By Col. Deborah GraysApril 21, 2011
Fort McPherson and Fort Gillem
Earlier this week, we all received a stark reminder concerning the dangers of motorcycle riding in the greater metro-Atlanta area. In Cobb County, a person suspected of being under the influence of alcohol was fleeing police at speeds up to 130 mph. The ensuing crash threw the individual 100 yards from their motorcycle.
News like this always gives me pause when I think about my Soldiers and Civilian employees out on the roads in our area, enjoying the warm weather on their favorite brand of bike. But we need to be thinking safety while enjoying our fun.
I don't have to tell you that when we leave the gates of our posts, we enter into some of the most congested traffic in the country. According to the Governor's Office of Highway Safety (GOHS), seven of the counties surrounding our posts, including Cobb, accounted for 51 of the 177 motorcycle fatalities in Georgia in 2008. That's 28 percent of the fatal accidents in the entire state and they were right in our back yard.
The GOHS also shows that motorcycle accidents are steadily increasing each year, from 3,216 in 2003 to 5,051 in 2008. In a recent memorandum, Gen. Peter Chiarelli, the Army's vice chief of staff, reminded us of the 40 Soldiers lost to motorcycle accidents in Fiscal Year 2010. Studies have shown the causes are linked to riders operating beyond their abilities and taking on too much personal risk.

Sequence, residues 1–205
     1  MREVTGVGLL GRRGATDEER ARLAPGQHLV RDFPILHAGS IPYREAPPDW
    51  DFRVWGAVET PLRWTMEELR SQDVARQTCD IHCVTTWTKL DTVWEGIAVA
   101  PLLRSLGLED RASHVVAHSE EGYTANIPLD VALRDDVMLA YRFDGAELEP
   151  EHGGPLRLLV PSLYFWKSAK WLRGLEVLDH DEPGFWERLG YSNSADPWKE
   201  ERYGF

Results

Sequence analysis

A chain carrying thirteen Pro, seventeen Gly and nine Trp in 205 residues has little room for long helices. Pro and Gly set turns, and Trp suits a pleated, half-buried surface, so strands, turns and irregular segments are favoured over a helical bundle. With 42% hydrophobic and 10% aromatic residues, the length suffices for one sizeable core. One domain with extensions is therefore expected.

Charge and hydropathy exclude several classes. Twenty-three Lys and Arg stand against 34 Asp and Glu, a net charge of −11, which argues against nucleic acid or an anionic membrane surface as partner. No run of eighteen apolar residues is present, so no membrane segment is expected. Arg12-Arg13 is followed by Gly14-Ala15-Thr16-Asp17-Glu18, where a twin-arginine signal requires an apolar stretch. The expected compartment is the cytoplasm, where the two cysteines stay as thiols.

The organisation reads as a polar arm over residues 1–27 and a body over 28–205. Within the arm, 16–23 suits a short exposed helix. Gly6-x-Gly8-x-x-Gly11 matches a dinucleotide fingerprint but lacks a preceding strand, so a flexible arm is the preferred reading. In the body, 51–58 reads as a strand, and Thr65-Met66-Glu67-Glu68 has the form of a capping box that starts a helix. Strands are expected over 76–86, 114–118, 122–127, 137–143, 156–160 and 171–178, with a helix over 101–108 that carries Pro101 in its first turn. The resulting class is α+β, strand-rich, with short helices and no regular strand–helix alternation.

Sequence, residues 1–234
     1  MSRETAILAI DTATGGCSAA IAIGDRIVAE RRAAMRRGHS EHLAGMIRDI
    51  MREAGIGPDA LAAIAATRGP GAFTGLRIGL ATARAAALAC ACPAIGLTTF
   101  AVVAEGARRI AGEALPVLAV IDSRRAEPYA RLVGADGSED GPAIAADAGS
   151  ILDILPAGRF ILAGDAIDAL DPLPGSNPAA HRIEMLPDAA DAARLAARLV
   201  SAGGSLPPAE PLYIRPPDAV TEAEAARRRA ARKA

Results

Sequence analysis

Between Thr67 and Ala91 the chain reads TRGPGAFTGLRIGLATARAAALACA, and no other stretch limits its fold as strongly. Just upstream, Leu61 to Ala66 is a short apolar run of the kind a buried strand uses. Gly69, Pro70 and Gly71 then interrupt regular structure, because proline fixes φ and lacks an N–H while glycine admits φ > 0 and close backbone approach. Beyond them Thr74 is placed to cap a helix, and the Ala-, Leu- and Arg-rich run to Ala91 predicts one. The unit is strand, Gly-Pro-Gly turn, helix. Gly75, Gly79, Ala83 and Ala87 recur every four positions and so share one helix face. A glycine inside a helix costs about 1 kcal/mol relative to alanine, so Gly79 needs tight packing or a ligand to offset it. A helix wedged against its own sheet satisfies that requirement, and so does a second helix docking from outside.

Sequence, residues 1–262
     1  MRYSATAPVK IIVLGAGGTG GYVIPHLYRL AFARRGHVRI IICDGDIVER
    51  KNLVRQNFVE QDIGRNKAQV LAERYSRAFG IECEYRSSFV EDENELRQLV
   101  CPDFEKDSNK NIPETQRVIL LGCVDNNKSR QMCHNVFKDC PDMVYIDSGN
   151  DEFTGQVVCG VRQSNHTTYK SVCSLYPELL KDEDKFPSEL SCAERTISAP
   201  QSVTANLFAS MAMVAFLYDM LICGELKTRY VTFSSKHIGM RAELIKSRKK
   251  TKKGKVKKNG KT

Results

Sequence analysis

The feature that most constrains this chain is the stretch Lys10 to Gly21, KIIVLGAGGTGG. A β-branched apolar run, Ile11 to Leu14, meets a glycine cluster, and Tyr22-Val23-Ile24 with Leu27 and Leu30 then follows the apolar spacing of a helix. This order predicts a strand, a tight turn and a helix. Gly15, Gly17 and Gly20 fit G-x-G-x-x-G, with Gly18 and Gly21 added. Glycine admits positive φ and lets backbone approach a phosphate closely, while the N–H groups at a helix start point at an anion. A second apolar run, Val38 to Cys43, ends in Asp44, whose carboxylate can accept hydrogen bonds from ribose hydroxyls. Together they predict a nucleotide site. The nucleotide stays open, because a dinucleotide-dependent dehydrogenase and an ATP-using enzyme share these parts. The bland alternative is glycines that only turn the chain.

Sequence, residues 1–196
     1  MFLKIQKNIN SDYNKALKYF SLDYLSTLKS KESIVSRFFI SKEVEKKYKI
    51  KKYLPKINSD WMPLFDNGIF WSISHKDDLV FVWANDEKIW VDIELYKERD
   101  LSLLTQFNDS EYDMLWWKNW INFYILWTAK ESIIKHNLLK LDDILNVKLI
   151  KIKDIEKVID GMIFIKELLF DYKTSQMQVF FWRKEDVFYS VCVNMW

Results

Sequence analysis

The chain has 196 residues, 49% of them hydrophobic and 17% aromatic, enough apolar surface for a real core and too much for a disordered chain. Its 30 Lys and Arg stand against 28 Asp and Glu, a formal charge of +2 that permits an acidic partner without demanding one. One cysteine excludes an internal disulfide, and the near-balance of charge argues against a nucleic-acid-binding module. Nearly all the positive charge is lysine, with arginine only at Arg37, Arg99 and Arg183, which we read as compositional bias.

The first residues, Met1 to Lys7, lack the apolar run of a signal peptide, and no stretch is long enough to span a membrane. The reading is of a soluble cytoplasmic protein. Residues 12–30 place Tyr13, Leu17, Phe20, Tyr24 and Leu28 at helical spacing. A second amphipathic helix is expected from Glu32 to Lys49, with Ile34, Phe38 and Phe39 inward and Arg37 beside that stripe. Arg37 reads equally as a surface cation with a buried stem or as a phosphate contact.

The Army plans to implement a "Progressive Motorcycle Program" in 2012 that will focus on lifelong learning that will require the Experienced and Military Sportbike Riders Course in addition to the Basic Course. However, I need to encourage all riders to begin implementing good judgment and practices now.
We need to ride smart. All of you who ride on Fort McPherson and Fort Gillem already have the mandatory Basic Riders Course. While there you received both classroom and riding instruction. Your bikes were inspected and passed a Motorcycle Safety Foundation's tires and wheels, controls, lights, oil, chassis, and stands (TCLOC-S) inspection. The instructors made sure you had proof-of-insurance, registration, valid driver's license with motorcycle endorsement and your military ID card were all in order. Finally, they checked your personal protective equipment(PPE) which included DOT approved helmet with shatter-proof eye protection, reflective vest, high-top boots, gloves, and long-sleeved shirts and long pants.
Did you know that you could sharpen your riding skills at the U.S. Army Garrison Safety Office's Experienced Riders Course' Classes are offered several times a month and you can check out the schedules on https://AIRS.LMI.ORG or call 678 516 3283.
We need to team up and ride safe. I challenge those of you who have spent many years riding to mentor the new and less experienced riders. When you see them doing something unsafe, pull them off to the side and give them the benefit of your wisdom. So much of what we do in the Army, whether we are uniformed servicemembers or Civilians, requires us to work as a team. This is the best way for us to do our jobs safely and effectively. We shouldn't put that to the side when we're off duty.
We should still be looking out for one another. One Soldier dying on the street is one more than our country, and more importantly their Families, can afford to lose.